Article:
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    The quote is not from a discussion on performance. I think it only means "equivalent" in the sense that the two statements have the same meaning, and isn't making any claims about the optimizer. Still I agree that this will surely be optimized to be the same. – user1919238 Jun 15 '16 at 15:23
8

There is no difference when you are using it with a single value. If you will check the table scan, index scan, or index seek for the above two queries you will find that there is no difference between the two queries.

Is there any difference for same in Mysql and PostgresSQL?

No it would not have any difference on the two engines(Infact it would be same for most of the databases including SQL Server, Oracle etc). Both engines will convert IN to =

6

There are no big differences really, but if your column_value is indexed, IN operator may not read it as an index.

Encountered this problem once, so be careful.

5

Teach a man to fish, etc. Here's how to see for yourself what variations on your queries will do:

mysql> EXPLAIN SELECT * FROM sentence WHERE sentence_lang_id = "AMH"\G
*************************** 1. row ***************************
           id: 1
  select_type: SIMPLE
        table: sentence
         type: ref
possible_keys: sentence_lang_id
          key: sentence_lang_id
      key_len: 153
          ref: const
         rows: 442
        Extra: Using where

And let's try it the other way:

mysql> EXPLAIN SELECT * FROM sentence WHERE sentence_lang_id in ("AMH")\G
*************************** 1. row ***************************
           id: 1
  select_type: SIMPLE
        table: sentence
         type: ref
possible_keys: sentence_lang_id
          key: sentence_lang_id
      key_len: 153
          ref: const
         rows: 442
        Extra: Using where

You can read here about how to interpret the results of a mysql EXPLAIN request. For now, note that we got identical output for both queries: exactly the same "execution plan" is generated. The type row tells us that the query uses a non-unique index (a foreign key, in this case), and the ref row tells us that the query is executed by comparing a constant value against this index.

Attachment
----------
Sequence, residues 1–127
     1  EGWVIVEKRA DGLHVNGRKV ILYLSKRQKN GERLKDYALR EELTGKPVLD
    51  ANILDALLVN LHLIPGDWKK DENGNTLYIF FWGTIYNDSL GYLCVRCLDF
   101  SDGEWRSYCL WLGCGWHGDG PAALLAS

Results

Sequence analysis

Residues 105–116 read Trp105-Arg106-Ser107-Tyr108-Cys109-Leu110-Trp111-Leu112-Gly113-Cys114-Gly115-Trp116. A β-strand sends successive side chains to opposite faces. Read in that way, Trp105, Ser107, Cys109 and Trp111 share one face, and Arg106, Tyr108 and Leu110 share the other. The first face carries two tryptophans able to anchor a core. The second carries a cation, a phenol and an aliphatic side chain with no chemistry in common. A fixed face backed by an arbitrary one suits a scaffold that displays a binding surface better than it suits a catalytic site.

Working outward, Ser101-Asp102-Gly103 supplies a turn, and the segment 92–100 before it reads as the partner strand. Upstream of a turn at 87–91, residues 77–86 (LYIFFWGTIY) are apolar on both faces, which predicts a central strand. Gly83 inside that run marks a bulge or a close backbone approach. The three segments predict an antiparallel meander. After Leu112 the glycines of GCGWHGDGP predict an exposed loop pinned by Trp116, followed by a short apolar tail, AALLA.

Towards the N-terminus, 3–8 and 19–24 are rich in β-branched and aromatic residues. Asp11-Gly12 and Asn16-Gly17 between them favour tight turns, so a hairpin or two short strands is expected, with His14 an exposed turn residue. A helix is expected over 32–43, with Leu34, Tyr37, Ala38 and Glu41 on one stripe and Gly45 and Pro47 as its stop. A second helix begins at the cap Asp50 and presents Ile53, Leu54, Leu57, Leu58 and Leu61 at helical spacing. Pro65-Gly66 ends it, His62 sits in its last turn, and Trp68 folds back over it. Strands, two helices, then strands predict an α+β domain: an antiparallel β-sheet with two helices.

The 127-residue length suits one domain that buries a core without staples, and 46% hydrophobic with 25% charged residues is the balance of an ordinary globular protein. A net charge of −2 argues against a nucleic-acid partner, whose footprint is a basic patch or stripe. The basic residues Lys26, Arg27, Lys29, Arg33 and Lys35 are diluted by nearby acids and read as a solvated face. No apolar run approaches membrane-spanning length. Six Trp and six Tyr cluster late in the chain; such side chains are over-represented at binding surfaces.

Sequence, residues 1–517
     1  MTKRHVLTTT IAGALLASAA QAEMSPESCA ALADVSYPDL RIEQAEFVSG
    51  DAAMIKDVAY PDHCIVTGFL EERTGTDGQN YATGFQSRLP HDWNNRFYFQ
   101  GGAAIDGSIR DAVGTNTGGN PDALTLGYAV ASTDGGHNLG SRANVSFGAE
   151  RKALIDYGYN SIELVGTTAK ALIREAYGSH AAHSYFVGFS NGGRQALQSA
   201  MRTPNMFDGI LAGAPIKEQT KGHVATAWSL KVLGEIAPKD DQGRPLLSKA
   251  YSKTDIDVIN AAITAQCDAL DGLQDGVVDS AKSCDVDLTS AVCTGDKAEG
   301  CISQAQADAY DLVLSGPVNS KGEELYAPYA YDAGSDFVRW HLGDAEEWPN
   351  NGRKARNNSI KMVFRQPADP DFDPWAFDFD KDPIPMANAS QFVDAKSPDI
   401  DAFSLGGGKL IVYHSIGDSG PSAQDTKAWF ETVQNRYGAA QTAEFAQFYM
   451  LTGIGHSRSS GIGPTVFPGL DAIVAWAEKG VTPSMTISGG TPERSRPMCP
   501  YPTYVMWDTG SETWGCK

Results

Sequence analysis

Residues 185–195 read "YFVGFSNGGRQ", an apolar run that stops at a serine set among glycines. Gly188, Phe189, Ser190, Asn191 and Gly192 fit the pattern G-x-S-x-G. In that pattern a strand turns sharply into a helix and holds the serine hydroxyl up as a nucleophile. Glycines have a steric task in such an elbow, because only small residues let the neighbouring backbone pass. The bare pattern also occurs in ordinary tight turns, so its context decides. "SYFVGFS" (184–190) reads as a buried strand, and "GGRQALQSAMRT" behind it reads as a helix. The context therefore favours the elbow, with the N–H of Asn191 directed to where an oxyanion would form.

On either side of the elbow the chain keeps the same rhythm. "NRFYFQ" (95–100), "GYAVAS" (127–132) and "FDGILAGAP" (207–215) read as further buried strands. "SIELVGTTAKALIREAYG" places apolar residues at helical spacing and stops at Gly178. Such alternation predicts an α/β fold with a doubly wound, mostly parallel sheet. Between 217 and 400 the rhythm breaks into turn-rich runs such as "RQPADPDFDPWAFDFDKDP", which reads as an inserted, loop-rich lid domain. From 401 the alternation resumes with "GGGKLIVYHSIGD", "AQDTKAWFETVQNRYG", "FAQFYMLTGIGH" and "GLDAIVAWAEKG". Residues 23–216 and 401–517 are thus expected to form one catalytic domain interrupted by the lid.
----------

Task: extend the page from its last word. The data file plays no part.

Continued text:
4

For single IN Clause,there is no difference..below is demo using an EMPS table i have..

select * from emps where empid in (1)
select * from emps where empid=1

Predicate for First Query in execution plan:

[PerformanceV3].[dbo].[Emps].[empID]=CONVERT_IMPLICIT(int,[@1],0)

Predicate for second query in execution plan:

[PerformanceV3].[dbo].[Emps].[empID]=CONVERT_IMPLICIT(int,[@1],0)

If you have multiple values in IN Clause,its better to convert them to joins

  • @SomnathMuluk:updated only for one clause – TheGameiswar Jun 15 '16 at 11:57
2

Just to add a different perspective, one of the main points of rdbms systems is that they will rewrite your query for you, and pick the best execution plan for that query and all equivalent ones. This means that as long as two queries are logically identical, the should always generate the same execution plan on a given rdbms.

That being said, many queries are equivalent (same result set) but only because of constraints the database itself is unaware of, so be careful about those cases (E.g for a flag field with numbers 1-6, the db doesn't know <3 is the same as in (1,2)). But at the end of the day, if you're just thinking about legibility of and and or statements it won't make a difference for performance which way you write them.

1

You will need to run execution plan on both, and see the results.

I believe they will have the same execution plan as it will be performed the same as a normal = sign when only one value is placed inside the IN() statement.

There is no reason for the optimizer to behave any differently on a query like this.